In the old days, communities would come together to assist their neighbors in times of need. A ‘barn raising’ was a visual example of a community coming together to accomplish big things. We see and experience this on mission trips. We lived it in the city of Houston in the aftermath of Hurricane Harvey.
As much as we say we value community, our daily experience is marked by individualism. We settle for false community through social media. We don’t know our neighbors like we used to. At the same time, our culture is moving past doing things for ourselves, and relying on experts more than we trust our own two hands. We hire professionals to do work for us around the house. We pay and sponsor missionaries to share the Gospel in foreign lands so we don’t feel guilty about not sharing our own faith. We expect pastors to lead people to Christ, even though Jesus gave the Great Commission to all of His disciples. In many churches, ‘missions’ is a program or a trip rather than a lifestyle.
At Pioneer Mission Community, we want each person in the community reaching out and serving within our city and beyond. God opens doors for us every day to connect with new people and engage with our neighbors. We expect the members of our community to find a place in the community where they regularly serve and shine the light of Christ. This might happen building homes for Habitat for Humanity, mentoring a student at the local elementary school, coaching sports teams to build relationships, serving the homeless at a shelter or in many other places.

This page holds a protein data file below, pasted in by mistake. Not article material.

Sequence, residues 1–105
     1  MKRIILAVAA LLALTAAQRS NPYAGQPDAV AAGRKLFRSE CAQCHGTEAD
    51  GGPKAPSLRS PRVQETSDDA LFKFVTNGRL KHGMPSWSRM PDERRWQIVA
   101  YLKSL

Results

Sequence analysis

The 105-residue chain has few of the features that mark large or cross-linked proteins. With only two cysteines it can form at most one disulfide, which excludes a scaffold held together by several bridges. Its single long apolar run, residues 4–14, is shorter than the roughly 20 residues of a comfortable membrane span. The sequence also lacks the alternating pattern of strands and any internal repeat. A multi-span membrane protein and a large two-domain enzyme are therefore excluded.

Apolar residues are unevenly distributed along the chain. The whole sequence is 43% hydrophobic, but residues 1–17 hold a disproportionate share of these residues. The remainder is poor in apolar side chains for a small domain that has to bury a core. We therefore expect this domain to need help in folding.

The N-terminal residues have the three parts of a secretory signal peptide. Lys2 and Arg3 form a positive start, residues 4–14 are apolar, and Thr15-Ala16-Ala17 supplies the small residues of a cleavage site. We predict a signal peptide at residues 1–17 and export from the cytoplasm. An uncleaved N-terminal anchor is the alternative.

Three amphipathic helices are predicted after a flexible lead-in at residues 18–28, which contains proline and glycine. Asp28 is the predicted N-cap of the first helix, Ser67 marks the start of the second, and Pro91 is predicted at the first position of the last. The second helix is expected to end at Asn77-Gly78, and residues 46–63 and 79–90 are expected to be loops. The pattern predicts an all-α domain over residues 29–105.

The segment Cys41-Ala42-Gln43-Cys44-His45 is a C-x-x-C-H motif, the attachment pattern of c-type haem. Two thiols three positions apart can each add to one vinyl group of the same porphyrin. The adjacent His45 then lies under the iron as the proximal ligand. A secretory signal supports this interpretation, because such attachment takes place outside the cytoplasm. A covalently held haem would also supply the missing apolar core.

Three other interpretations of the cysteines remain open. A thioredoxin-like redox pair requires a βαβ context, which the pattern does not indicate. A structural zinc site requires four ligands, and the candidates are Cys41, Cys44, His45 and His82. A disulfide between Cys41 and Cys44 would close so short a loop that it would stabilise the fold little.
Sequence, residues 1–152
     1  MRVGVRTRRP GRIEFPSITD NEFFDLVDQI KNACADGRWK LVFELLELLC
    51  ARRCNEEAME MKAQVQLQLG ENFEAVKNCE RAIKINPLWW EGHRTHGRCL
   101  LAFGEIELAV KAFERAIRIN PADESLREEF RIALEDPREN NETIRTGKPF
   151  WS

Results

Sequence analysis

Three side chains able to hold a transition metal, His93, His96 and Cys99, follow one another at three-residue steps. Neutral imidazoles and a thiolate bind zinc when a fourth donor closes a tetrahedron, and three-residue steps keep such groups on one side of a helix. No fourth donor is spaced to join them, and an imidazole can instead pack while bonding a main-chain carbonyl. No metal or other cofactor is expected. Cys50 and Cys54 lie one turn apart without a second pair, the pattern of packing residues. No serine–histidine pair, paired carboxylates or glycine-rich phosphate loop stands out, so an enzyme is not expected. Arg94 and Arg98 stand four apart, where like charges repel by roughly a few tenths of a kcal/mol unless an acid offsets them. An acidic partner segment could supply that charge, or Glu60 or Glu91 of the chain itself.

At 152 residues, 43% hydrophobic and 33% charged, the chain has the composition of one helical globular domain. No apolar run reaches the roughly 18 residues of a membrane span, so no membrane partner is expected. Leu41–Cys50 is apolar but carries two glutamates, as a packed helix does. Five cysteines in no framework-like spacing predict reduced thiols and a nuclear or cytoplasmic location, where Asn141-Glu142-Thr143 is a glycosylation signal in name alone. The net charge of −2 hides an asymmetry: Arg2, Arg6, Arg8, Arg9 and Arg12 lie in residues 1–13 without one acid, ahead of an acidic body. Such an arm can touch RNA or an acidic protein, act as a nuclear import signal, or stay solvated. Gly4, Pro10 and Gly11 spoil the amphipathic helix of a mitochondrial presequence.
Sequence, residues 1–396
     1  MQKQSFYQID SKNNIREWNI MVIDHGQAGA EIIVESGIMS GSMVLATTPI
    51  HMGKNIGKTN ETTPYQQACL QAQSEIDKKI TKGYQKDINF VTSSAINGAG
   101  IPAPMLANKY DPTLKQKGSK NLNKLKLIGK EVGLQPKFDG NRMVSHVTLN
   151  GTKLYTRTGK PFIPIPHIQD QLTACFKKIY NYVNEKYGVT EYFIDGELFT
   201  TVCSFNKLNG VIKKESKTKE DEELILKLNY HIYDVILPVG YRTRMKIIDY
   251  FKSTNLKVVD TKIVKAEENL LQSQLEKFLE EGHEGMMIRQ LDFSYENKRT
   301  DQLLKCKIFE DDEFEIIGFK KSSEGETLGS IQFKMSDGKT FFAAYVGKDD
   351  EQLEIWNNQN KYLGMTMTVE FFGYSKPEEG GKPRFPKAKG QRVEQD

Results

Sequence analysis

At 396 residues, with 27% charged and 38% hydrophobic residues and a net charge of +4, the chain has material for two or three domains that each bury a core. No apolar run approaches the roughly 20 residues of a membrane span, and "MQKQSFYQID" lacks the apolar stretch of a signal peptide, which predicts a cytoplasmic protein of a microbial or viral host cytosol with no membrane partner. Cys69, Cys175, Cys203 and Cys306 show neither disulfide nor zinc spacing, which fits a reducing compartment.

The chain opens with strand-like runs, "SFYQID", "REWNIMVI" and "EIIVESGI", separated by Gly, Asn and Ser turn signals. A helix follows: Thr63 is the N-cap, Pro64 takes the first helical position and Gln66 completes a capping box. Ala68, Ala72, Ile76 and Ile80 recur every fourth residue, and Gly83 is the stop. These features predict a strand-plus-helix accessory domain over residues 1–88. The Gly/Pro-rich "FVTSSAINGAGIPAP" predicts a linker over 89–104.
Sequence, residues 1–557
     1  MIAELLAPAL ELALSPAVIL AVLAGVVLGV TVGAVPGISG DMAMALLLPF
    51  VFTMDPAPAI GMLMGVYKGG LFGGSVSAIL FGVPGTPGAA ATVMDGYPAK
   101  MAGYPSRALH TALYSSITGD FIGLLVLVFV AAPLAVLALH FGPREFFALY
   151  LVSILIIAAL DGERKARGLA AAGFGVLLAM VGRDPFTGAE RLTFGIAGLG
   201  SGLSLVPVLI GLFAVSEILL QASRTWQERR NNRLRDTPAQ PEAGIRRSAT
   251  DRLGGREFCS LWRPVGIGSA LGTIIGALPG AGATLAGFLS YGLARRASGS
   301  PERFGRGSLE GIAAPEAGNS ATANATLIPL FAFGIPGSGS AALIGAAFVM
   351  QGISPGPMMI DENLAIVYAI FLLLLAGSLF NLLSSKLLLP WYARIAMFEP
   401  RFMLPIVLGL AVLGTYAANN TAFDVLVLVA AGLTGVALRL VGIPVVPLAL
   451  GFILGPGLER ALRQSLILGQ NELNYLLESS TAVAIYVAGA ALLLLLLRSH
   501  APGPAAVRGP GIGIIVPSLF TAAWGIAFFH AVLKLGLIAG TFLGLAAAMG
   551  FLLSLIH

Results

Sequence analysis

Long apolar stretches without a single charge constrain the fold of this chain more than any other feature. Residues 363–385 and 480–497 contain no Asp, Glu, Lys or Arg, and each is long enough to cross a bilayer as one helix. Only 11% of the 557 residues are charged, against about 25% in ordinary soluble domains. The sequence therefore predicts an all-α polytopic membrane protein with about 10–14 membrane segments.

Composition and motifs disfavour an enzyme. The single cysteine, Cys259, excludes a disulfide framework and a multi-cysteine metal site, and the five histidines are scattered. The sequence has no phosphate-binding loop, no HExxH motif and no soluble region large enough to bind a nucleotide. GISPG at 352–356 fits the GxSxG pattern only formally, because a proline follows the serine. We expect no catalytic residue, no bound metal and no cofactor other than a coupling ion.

However, we don’t want you sense of mission to be confined to sporadic service opportunities. We want you to see yourself as one sent by God to reach the people He has placed in your life. This means being ready to pray for someone facing a new challenge, ready to tell someone how Jesus has changed your life, ready to lead someone to Christ by walking with them through Scripture.
Engaging your community on a mission for Christ is as simple as introducing Jesus to the people in your life.